This is the first time I’ve ever attempted something like this, so try and bear with me if it’s not perfect to start with. Usually it’s been the idea of contributing something all the time that has scared me off, but I decided that I may as well give it a shot.
This blog will not be like many others that simply reproduce the same news stories that you’ve read from at least one other news source. I’ll be posting opinions, stories and photographs related to Formula One, motorsport and (occasionally) my life.
I’m happy to talk about anything to do with Formula One. If you think you can provide something interesting to discuss, or have a question you’d like answered then fire away. Your opinion is just as interesting as mine, I assure you.
I’ll start off the blog with a passage from Gerald Donaldson’s biography of Juan Manuel Fangio (titled ‘Fangio: The Life Behind The Legend’).
Mercedes wanted Stirling Moss in their team for 1955,’ Juan said, ‘so they came back to me first to ask my opinion. I told them he was the best driver they could take. For me, it would have been better to have a mediocre driver beside me. Instead, I chose the best driver because of the team.’ In fact, Moss had approached Alfred Neubauer in 1954 with a view to getting a Mercedes ride. Neubauer had advised him to get more experience and had then been deeply impressed by Moss’s performances for Maserati. Before the 1955 season began, Neubauer put his new recruit to the ultimate test by comparing him to the team’s number one driver on the world’s most difficult track. In their private practice session at the Nurburgring, Juan went out first and after three laps set a target time. Moss, who had some previous experience around the 14.5-mile jigsaw puzzle of a track, took several laps to play himself in and then clocked a time impressively quicker than Juan’s. At this point, with the British newcomer having in his first drive in a Mercedes beaten Juan, the crafty Neubauer declared it was time for a lunch break. Noticing that his Argentine driver lacked an appetite, Neubauer asked Juan if he would like to do a few more laps. Indeed he would. Juan went out again to salvage his wounded pride and within three laps had beaten Moss’s time. When he returned to the pits, the three mechanics assigned to Juan’s car presented him with a bouquet of wild flowers they had picked from the Nurburgring’s grass verges. Surprised at this display of sentiment from the normally reserved and supposedly unemotional Germans, Juan thereafter considered the flowers to be one of the best prizes he ever received.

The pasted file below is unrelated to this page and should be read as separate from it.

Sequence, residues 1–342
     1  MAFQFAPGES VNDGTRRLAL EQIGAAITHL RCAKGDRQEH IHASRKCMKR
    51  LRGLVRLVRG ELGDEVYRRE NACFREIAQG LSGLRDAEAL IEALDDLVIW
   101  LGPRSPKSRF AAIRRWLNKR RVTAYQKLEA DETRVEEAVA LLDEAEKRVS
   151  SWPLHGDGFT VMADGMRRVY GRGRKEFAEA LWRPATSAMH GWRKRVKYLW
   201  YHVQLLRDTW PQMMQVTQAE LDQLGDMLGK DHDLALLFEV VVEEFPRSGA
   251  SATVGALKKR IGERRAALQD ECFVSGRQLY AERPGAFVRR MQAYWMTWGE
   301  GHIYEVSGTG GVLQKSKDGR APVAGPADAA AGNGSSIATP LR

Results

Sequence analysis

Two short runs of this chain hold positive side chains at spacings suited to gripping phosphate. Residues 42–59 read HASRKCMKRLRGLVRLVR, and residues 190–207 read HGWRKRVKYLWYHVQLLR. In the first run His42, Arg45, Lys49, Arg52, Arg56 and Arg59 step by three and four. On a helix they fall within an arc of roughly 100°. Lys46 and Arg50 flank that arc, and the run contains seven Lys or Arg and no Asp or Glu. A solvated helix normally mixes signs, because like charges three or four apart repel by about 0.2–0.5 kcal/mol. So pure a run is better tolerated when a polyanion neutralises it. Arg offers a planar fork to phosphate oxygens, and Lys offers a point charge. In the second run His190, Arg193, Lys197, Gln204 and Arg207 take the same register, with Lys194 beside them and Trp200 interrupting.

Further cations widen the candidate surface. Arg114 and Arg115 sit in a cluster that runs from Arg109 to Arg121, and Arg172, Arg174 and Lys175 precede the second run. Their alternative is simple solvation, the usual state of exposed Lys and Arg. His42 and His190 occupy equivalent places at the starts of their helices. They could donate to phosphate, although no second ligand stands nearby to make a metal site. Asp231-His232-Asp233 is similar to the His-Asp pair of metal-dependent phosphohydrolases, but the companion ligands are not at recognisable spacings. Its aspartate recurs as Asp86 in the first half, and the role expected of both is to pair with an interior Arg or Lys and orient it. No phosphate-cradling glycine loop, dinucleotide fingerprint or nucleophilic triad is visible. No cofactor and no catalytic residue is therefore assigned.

Everyone involved in the exercise had made his point. Moss had proved himself entirely capable of holding his own against the champion, who now knew that his estimation of the Englishman’s potential was valid, as did Neubauer, who would benefit from having the two drivers push each other, as well as back up each other, thereby strengthening the team. But the chief beneficiary was Moss, for whom the opportunity of following in the wheel tracks of the best driver in the world would be invaluable in terms of developing a driving prowess that would eventually establish him as the great Fangio’s successor. Beyond this, the personal relationship between Moss and the Maestro, as Moss began calling the man who was eighteen years his senior, became the closest either of them had in all their years of racing. What started as a student-pupil association developed into something of a father-son relationship.